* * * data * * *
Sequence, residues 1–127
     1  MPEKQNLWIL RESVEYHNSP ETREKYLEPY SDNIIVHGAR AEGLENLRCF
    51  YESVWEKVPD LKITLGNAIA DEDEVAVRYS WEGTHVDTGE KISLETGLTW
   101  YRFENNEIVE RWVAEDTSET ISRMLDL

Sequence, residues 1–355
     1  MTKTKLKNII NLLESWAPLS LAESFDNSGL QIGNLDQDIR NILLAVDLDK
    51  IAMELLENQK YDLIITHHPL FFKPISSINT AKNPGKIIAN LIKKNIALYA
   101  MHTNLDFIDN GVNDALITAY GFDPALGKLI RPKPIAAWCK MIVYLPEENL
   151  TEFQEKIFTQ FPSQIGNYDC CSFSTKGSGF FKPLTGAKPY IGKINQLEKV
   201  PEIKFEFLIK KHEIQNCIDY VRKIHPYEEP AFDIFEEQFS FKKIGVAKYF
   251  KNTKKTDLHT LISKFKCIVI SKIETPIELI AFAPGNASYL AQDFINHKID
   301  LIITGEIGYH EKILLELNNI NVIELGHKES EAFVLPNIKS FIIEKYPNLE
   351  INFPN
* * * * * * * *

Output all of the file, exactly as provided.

Sequence, residues 1–127
     1  MPEKQNLWIL RESVEYHNSP ETREKYLEPY SDNIIVHGAR AEGLENLRCF
    51  YESVWEKVPD LKITLGNAIA DEDEVAVRYS WEGTHVDTGE KISLETGLTW
   101  YRFENNEIVE RWVAEDTSET ISRMLDL

Sequence, residues 1–355
     1  MTKTKLKNII NLLESWAPLS LAESFDNSGL QIGNLDQDIR NILLAVDLDK
    51  IAMELLENQK YDLIITHHPL FFKPISSINT AKNPGKIIAN LIKKNIALYA
   101  MHTNLDFIDN GVNDALITAY GFDPALGKLI RPKPIAAWCK MIVYLPEENL
   151  TEFQEKIFTQ FPSQIGNYDC CSFSTKGSGF FKPLTGAKPY IGKINQLEKV
   201  PEIKFEFLIK KHEIQNCIDY VRKIHPYEEP AFDIFEEQFS FKKIGVAKYF
   251  KNTKKTDLHT LISKFKCIVI SKIETPIELI AFAPGNASYL AQDFINHKID
   301  LIITGEIGYH EKILLELNNI NVIELGHKES EAFVLPNIKS FIIEKYPNLE
   351  INFPN